The Genders of Indian Music
Courtesy Prof Richard Widdess
The inspiration for this exciting exhibition is to be found in the fact that since ancient Vedic times, the people of South Asia have seen and worshipped SHAKTI as the feminine force and the other half of Shiva - masculine energy later represented in the concept of ARDHANAARISHWAR - the image of Shiva and Shakti (Parvati) as one body – half man half woman - symbolising the equality of male and female as one – the unity and inseparability of masculine and female energies driving the universe. The union of Shiva and Shakti is symbolised in their cosmic dance.
The exhibition explores the different qualities and energies that men and women have brought to the evolution of Indian music and looks at
Divine musicians - Human musicians – how music is seen as being feminine and masculine - gendered musical spaces - contesting gender - impact of colonialism and globalisation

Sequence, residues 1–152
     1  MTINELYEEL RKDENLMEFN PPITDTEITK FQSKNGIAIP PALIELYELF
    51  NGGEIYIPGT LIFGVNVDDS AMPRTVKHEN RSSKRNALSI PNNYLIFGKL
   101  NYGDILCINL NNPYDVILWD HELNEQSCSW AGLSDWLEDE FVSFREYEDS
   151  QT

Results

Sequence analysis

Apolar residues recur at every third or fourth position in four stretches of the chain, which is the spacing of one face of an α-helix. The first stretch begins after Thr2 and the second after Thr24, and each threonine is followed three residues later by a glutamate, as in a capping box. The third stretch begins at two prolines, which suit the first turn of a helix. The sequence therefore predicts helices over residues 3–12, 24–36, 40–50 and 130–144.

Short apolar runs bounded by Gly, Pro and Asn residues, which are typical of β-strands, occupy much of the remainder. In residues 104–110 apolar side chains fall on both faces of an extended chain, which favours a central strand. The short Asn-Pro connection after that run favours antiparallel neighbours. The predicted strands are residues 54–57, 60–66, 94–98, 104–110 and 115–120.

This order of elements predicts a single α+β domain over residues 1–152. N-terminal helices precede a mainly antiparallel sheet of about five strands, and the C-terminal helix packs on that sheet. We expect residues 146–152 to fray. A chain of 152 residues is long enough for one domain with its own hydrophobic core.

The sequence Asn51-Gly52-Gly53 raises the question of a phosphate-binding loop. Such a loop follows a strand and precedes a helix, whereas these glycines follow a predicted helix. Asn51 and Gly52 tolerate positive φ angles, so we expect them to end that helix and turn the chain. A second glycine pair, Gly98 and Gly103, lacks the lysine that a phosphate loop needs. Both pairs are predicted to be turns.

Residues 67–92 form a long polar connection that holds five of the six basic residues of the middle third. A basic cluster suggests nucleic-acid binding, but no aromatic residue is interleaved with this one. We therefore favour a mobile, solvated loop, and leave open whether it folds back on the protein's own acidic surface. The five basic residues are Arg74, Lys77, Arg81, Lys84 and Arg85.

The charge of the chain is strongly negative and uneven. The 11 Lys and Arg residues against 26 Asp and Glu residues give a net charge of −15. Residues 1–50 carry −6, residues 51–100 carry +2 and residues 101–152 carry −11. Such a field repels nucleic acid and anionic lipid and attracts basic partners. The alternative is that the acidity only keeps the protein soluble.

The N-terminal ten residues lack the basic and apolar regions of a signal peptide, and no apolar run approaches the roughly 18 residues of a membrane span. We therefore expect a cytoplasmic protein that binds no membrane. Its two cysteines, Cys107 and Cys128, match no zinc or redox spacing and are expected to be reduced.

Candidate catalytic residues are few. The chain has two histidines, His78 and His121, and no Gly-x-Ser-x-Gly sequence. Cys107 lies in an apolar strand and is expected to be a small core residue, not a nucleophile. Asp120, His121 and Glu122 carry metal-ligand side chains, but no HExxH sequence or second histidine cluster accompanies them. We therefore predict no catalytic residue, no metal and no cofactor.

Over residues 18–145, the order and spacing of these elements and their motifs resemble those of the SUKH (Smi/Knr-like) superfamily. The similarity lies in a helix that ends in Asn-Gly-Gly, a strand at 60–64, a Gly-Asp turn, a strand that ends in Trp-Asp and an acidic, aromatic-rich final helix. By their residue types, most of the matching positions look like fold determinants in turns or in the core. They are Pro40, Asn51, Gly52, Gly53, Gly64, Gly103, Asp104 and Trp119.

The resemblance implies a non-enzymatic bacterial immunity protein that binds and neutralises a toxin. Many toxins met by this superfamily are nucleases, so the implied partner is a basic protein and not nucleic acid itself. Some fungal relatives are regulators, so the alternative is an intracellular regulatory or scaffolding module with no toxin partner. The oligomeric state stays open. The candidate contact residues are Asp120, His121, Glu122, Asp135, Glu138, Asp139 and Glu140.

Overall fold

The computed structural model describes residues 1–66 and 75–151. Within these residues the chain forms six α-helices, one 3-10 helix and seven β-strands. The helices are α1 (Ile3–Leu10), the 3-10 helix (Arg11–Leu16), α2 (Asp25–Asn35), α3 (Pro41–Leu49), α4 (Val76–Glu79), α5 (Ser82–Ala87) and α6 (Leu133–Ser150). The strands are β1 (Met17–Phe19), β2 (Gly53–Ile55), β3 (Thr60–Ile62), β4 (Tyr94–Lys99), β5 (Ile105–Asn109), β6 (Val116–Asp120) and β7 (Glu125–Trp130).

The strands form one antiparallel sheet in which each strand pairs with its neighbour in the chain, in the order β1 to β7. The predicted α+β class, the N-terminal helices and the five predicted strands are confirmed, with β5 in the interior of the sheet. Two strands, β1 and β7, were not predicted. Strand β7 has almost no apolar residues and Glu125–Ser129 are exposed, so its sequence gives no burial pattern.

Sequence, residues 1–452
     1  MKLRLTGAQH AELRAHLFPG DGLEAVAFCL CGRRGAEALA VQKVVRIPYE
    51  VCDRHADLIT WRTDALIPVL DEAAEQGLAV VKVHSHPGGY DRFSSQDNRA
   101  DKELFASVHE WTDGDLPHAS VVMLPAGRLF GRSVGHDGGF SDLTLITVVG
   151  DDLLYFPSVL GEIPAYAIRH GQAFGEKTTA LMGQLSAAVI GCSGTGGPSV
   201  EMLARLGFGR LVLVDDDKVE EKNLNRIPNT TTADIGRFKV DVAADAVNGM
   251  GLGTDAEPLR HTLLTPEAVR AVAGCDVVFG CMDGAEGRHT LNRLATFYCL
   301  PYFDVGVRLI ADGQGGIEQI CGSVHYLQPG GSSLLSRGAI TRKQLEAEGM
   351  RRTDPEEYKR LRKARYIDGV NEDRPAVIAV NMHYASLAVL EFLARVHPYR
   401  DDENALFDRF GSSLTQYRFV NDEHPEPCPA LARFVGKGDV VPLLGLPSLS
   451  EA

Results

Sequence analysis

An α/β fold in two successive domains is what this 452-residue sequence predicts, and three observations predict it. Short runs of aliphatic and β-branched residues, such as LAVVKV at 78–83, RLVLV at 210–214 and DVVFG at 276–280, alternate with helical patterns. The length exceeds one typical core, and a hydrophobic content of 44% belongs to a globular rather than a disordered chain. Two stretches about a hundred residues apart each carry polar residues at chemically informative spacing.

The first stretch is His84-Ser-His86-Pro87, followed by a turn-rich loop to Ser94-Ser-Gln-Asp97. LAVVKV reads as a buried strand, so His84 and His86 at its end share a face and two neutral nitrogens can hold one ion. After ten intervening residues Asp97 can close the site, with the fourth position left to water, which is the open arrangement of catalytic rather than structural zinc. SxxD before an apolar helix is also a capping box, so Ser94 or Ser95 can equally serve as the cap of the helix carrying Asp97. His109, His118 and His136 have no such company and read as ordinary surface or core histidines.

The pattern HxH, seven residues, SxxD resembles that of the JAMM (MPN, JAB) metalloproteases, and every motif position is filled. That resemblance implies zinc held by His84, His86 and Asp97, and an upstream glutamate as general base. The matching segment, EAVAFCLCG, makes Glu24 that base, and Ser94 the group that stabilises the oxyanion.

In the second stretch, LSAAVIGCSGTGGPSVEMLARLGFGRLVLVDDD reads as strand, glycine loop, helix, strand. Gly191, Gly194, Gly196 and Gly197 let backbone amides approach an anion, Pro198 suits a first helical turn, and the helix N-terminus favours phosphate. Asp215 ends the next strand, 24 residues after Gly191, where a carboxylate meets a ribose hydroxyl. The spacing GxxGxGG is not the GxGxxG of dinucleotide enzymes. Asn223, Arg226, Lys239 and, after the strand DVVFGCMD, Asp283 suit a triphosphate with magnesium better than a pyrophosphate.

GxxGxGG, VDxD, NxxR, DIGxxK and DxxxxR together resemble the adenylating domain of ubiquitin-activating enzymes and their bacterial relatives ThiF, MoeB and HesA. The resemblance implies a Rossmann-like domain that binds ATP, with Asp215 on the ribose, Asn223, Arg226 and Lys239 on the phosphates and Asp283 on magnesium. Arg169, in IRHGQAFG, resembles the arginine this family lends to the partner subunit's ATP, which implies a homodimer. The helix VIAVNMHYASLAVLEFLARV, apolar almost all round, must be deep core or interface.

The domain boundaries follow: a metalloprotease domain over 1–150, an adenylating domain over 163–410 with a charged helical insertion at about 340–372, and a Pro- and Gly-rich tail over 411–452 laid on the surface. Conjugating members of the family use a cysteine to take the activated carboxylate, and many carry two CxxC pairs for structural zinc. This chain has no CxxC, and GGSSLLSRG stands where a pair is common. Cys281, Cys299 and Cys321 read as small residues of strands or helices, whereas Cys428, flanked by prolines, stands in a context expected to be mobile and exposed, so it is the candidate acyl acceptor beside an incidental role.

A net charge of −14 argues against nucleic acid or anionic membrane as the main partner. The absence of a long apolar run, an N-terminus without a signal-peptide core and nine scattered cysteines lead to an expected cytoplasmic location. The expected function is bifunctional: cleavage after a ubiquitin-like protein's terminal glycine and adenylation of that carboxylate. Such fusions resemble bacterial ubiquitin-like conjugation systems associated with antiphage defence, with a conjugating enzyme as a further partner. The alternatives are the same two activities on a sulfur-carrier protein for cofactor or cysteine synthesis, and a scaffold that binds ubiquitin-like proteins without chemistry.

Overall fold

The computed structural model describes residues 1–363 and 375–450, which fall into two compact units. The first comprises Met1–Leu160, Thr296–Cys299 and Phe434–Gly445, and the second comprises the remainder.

Expertly written story boards are illustrated with the use of images - audio-visual recordings.
There will be workshops with UDAY BHAWALKAR (dhrupad) accompanied by Chitrangana Agle Reshwal (the first female pakhawaj player of modern times) and MANJIRI ASANARE KELKAR ( khyal) accompanied on tabla by Sanjay Deshpande. ARUNA NARAYAN KALLE daughter of the illustrious Pt Ramnarayan will talk about the instrument and its history and her role as the first female sarangi player.
A SYMPOSIUM is planned in partnership with the Forum for South Asian Music and Dance (Institute for Music Research) with the presentation of academic papers and discussion on the theme of GENDERS OF INDIAN MUSIC
Academic advisory panel: Prof Katherine Schofield; Prof Richard Widdess; Prof Anna Morcom; Dr Neil Sorrell; Dr Richard Williams; Prof Jim Kippen
Subject to change without notice.